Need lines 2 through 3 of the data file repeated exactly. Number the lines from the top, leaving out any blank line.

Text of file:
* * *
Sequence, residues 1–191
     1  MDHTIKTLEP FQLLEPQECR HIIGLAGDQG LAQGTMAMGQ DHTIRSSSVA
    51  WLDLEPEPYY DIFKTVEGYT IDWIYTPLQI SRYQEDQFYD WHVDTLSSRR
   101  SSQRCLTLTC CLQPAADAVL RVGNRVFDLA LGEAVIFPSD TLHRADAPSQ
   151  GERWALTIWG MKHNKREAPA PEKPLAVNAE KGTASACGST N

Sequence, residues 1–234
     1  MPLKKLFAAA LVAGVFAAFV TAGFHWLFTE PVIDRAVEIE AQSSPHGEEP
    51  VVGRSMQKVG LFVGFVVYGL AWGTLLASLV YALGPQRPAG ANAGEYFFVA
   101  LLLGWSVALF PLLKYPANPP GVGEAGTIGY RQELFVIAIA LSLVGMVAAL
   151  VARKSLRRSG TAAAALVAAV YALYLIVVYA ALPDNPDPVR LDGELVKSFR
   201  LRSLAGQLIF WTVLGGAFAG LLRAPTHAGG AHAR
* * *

     1  MDHTIKTLEP FQLLEPQECR HIIGLAGDQG LAQGTMAMGQ DHTIRSSSVA
    51  WLDLEPEPYY DIFKTVEGYT IDWIYTPLQI SRYQEDQFYD WHVDTLSSRR